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Finding Time to Write

Peace in an Age of Metal and Men Cover
Peace comes to Texas

From now until Peace in an Age of Metal and Men comes out on June 7, I am writing a series of posts on writing, science fiction, and the creative process. 

Writing a novel isn’t exactly quick.

It takes time. A lot of it. Hours and hours. Months pass as the words slowly form on the page. You wrestle each word from that slow march to death. Each meager word wiggles and slips, trying to escape capture. It takes effort. Concentration. Finding time to write can be difficult.

It takes about eighty thousand words to make a novel. Once you capture them all, you know what?

You’re about halfway there. Maybe less.

Editing takes just as much time as writing, but instead of being a life-affirming act of creation it’s a gut-wrenching slog of tearing down. Wreck what you just made so it can be rebuilt better. Then? Wreck it again. This isn’t quick, either.

So where does that time come from?

Turns out it’s easy.

  1. Train your brain. Got a half hour for lunch? Write 500 words. Train yourself to lock into writing mode FAST. Really fast. It can be done. When those meager minutes show up don’t mess with Twitter or click on oh my god those websites are making you stupid. Just start writing.
  2. Dedicate time. Some pieces of writing are just hard. They take full, undivided attention for hours. Maybe that’s a complex fight scene or that emotional payload. Whatever it is, sometimes you just need to spend an hour or two writing. Undisturbed. Do that.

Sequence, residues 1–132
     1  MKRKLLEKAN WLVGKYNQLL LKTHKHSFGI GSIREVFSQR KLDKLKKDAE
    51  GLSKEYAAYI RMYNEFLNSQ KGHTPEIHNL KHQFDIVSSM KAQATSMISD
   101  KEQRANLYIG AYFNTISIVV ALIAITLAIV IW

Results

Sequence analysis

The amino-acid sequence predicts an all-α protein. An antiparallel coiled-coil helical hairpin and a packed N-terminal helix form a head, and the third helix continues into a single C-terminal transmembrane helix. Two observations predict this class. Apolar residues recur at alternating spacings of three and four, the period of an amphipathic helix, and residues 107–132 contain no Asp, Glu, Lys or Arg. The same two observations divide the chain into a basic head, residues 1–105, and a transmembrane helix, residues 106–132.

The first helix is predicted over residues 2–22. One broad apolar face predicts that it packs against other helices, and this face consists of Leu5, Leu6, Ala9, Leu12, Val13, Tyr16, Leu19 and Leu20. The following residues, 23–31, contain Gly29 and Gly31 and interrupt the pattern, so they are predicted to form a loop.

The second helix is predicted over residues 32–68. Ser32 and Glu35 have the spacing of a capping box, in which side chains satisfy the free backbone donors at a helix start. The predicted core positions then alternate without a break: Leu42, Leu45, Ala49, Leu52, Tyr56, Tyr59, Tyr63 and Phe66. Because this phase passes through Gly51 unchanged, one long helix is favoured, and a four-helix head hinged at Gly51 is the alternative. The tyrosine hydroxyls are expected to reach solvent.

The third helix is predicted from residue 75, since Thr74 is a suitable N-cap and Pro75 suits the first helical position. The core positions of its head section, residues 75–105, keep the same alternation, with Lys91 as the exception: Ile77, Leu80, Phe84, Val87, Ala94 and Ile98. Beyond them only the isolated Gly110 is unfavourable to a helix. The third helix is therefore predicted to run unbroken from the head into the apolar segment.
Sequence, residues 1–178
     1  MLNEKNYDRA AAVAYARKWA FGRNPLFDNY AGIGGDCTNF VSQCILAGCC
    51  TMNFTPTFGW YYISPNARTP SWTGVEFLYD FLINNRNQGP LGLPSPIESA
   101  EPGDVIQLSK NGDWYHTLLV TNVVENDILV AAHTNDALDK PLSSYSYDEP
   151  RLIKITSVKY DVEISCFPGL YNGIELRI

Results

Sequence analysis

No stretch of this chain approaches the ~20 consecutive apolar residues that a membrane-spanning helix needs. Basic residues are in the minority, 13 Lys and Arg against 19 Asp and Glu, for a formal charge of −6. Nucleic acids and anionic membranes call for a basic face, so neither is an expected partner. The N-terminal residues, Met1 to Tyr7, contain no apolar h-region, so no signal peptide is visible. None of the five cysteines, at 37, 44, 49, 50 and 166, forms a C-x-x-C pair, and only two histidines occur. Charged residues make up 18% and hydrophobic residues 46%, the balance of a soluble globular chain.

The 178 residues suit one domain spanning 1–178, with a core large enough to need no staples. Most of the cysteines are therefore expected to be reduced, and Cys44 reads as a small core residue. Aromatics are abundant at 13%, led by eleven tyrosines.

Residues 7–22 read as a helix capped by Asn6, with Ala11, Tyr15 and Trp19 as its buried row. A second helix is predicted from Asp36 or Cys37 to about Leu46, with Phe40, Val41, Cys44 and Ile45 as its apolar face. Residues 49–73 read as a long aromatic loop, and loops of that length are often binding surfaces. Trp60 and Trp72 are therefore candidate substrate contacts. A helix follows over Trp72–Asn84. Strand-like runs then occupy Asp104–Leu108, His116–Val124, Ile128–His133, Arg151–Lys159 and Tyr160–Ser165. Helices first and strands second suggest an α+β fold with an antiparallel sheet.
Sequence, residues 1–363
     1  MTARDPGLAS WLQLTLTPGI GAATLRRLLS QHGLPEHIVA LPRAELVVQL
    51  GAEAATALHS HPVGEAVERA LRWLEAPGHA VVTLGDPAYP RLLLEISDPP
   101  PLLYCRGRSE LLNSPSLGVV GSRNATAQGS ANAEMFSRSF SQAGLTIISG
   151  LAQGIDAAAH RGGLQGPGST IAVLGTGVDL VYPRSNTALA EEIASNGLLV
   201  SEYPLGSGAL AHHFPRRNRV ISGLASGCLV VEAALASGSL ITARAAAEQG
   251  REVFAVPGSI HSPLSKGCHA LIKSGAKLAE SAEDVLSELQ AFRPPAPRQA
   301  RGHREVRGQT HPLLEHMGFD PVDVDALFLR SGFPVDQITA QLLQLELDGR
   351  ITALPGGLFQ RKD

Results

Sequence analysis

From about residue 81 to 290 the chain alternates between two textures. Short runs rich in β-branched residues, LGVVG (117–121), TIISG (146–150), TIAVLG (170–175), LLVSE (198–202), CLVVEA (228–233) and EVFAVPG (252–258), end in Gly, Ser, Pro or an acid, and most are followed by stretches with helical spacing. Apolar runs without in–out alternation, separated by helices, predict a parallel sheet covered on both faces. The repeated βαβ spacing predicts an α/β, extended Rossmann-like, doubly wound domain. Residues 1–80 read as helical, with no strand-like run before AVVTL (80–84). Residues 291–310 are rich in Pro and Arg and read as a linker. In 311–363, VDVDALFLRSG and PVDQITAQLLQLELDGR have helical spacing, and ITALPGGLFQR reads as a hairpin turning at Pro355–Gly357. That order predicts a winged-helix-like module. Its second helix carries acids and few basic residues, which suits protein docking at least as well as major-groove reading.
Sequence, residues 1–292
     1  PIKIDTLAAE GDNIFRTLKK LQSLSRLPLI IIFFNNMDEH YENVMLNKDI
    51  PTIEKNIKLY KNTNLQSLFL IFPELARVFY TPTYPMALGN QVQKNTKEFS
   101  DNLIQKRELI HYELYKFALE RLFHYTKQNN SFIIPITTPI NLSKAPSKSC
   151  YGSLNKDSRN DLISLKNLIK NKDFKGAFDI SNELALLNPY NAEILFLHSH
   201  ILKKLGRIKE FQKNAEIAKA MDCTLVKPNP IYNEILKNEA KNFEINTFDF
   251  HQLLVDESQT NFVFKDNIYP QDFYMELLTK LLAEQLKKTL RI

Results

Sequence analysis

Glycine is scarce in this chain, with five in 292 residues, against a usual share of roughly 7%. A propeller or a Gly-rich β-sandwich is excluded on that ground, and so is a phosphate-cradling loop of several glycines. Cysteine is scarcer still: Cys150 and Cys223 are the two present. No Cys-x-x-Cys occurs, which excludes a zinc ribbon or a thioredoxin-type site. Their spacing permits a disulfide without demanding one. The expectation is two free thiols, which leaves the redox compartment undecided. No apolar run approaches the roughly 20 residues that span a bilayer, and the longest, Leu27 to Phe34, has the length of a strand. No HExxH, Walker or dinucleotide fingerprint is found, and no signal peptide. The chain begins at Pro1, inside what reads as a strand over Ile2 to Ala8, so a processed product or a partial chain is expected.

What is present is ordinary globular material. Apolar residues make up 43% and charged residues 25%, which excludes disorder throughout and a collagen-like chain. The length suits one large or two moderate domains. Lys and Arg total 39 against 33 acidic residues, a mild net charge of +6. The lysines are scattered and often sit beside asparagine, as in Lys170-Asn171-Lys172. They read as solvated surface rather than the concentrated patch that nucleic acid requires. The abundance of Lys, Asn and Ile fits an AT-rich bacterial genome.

3. Priorities. What’s important to you? Yeah, I get it. Writing. What else? Your kids? Ok, that’s cool. Your wife? Yup. Your job? Well, yeah, you gotta pay the bills. Hours and hours of reality television? Hmm… Sleep? Well, actually, sleep is pretty important. The deal is that you spend time on things that are important to you. It’s just a matter of deciding if writing is one of those things. If it’s not? Well, that’s fine. It really is. There is a lot of good television out there and someone needs to enjoy it. Just don’t complain about not having enough time. Or DO! If complaining is a high priority for you, then by all means, complain away.
  4. Tear the flimsy fabric of space/time. Go ahead. Just a little. Maybe stretch it a little over there near your writing desk. If you hear a ripping noise, maybe back off a little. I mean, it’s probably not a big deal. What’s that? Time worms are squirming out of the hole? Try not to worry about it.
  5. Headphones. Or earbuds are fine, too. Get the good ones that completely isolate you no matter where you are. There could be an elephant parade through the restaurant where you’re writing and you’ll never notice. Get some decent headgear and EVERYWHERE is your writing desk. Finding time to write gets easier if you can do it any time, anywhere.
  6. Goals. Write 500 words a day. Or 2000 a week. Or five words every two days. Or do the #1k1hr (one thousand in one hour) challenge over on Twitter. Goals help. 500 words between “time with the kids” and “oh thank god they’re asleep I can take my pants off” isn’t such a difficult goal. It doesn’t take much of that to start seeing some real progress on a novel, short story, or last will and testament.

Ok, but seriously, you need to do something about those time worms.

 

2 thoughts on “Finding Time to Write

  1. Nice post, but what drew me here was that cover art. Going to go check out your books on the cover strength alone!

    1. That’s great! I’m always happy when someone else likes these covers. It’s not my art, but I’m really pleased with how they came out.

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